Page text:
From the skyscrapers of New York City to backyards in western Washington, there’s a movement afoot to raise honeybees, not only for the sweet delights they create but also for their positive effect on our food crops.
A majority of the foods we grow and eat depend on honeybees for pollination. Without them, Washington’s fruit and vegetable industries would not exist, nor would backyard gardeners be able to harvest an abundance each year.
To help rebuild, maintain, and expand our resource of local pollinators and honey producers, WSU Snohomish County Extension is sponsoring a session of the Beginning Hobbyist Beekeeper course in the Washington State Beekeepers Association’s Master Beekeeper Program starting Monday, November 18, at WSU Snohomish County Extension’s Cougar Auditorium in Everett.
The five-week course is perfect for anyone with no previous experience with beekeeping, or anyone wanting more information about beekeeping before making the decision to acquire a hive.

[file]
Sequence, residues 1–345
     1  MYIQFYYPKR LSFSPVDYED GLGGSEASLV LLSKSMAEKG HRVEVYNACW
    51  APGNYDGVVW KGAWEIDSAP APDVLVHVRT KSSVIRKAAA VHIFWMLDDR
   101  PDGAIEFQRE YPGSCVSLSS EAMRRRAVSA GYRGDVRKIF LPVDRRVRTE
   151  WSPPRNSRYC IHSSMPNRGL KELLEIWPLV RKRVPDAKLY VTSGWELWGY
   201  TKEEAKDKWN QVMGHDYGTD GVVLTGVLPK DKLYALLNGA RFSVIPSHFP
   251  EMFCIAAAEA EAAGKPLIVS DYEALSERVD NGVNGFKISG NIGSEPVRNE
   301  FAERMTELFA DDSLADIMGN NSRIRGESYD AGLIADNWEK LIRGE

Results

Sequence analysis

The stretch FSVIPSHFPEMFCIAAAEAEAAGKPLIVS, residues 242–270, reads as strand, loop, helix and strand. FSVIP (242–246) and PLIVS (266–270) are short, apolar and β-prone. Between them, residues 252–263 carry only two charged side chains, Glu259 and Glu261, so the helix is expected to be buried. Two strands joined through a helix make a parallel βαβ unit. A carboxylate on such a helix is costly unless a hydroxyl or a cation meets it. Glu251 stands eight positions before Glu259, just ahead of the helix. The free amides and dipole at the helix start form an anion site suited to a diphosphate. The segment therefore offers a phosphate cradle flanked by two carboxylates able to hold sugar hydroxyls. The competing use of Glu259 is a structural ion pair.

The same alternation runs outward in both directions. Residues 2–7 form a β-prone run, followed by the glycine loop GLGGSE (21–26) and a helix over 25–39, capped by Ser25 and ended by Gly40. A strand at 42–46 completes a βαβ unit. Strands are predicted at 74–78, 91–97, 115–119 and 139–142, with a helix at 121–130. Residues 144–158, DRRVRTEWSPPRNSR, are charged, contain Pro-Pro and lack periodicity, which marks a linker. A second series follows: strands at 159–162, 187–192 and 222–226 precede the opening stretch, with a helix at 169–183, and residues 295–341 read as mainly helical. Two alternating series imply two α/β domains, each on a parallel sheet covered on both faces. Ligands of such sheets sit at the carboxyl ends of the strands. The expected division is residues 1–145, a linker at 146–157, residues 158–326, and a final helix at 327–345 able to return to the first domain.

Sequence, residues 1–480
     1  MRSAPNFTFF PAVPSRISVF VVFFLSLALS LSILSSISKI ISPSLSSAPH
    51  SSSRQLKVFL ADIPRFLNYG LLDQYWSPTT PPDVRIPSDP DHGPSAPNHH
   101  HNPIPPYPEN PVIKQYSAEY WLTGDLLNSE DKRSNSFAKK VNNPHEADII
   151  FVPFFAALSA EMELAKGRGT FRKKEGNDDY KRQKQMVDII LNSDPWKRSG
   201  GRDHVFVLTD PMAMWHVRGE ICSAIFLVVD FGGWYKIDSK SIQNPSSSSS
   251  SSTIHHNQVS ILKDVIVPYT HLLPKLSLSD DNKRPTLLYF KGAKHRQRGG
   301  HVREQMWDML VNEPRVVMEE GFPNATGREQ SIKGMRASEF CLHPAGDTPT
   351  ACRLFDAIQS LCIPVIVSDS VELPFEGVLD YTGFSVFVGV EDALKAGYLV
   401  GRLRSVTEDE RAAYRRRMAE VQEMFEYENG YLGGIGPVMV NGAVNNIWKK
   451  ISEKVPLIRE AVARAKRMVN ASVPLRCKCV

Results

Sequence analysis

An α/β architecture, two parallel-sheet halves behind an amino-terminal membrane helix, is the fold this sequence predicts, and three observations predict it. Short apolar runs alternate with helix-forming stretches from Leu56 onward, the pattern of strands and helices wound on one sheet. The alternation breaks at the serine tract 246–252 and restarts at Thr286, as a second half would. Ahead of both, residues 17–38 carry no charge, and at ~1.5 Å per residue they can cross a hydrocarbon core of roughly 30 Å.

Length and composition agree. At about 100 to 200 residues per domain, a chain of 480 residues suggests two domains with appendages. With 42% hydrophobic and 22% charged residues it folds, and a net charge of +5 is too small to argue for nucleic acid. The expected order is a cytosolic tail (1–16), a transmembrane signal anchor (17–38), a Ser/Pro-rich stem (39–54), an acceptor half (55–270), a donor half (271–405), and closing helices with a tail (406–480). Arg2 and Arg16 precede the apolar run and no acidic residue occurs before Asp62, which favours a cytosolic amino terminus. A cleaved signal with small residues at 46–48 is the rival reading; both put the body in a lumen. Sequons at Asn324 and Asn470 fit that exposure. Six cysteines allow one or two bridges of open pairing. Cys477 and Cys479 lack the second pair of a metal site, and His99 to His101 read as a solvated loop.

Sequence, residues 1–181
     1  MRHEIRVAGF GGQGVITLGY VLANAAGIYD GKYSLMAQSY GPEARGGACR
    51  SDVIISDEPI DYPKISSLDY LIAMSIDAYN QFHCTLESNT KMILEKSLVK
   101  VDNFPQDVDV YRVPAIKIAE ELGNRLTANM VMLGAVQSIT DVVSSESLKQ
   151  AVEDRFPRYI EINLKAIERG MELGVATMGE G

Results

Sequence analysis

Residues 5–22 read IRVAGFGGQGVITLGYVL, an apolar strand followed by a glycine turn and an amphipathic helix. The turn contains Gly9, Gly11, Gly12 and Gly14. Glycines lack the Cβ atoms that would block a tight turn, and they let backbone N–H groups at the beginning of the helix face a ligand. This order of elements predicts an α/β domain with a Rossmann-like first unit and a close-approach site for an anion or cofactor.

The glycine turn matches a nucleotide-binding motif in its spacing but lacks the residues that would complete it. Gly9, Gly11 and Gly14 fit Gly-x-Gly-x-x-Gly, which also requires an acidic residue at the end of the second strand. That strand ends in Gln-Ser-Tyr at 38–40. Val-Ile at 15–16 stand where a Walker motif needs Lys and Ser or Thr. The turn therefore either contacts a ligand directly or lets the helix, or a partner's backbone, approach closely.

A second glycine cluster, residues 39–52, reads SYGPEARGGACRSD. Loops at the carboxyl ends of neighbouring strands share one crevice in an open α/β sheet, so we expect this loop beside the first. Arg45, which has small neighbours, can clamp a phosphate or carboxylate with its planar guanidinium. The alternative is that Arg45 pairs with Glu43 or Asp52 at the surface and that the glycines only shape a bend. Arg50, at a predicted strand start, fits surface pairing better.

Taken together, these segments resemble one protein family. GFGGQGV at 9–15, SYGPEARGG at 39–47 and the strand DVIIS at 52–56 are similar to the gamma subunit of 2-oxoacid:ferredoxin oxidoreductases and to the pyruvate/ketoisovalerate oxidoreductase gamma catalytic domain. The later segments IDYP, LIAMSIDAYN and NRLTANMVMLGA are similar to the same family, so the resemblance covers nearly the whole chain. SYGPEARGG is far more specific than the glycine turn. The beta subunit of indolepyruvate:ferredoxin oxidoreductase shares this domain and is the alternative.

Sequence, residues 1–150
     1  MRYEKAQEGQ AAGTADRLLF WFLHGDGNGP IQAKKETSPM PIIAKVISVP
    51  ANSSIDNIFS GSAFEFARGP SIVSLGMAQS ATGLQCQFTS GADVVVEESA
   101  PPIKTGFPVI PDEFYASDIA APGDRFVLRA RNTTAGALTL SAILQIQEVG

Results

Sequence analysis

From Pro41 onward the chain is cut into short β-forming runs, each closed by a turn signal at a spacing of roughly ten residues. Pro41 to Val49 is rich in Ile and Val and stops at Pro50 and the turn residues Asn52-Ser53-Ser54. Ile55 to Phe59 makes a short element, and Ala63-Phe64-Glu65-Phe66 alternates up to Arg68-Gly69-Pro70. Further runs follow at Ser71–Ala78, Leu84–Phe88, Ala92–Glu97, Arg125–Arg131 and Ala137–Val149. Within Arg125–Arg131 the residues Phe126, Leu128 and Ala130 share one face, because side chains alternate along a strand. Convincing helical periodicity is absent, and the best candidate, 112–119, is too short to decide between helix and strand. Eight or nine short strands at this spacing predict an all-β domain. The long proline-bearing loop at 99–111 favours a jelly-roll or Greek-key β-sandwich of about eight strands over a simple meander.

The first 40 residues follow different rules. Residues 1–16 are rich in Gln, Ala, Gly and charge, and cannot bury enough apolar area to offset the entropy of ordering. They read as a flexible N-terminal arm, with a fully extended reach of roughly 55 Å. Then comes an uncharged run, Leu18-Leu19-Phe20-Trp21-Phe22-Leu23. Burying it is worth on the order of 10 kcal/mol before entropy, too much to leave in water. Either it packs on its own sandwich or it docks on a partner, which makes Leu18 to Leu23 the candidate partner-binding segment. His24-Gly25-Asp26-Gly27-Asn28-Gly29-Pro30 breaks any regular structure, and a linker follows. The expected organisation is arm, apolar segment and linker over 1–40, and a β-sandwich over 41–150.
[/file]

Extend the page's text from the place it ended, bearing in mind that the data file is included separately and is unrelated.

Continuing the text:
Designed to build basic beekeeping skills, topics covered include bee biology, equipment, seasonal management requirements, identification and management of pests, as well as honey removal and processing. The focus is on the unique challenges and benefits to beekeeping in the Pacific Northwest.
A workshop manual complements the lectures. Participants completing the course and passing the Washington State Beginning Beekeeper level exam (open book test) will receive a certificate as the first step toward apprentice, journey, and master beekeeper levels. Each session is taught by local journeyman beekeeper and WSU Snohomish County Extension entomologist Dave Pehling.
Class size is limited and usually sells out in advance o
f the course. Cost for the five-week series is $120 per person. To register, visit BeeBeginner.eventbrite.com. For more information on the course, visit snohomish.wsu.edu/beebeginner/ or contact Kate Ryan, Agriculture Program Coordinator, at email@example.com or by phone at (425) 357-6024.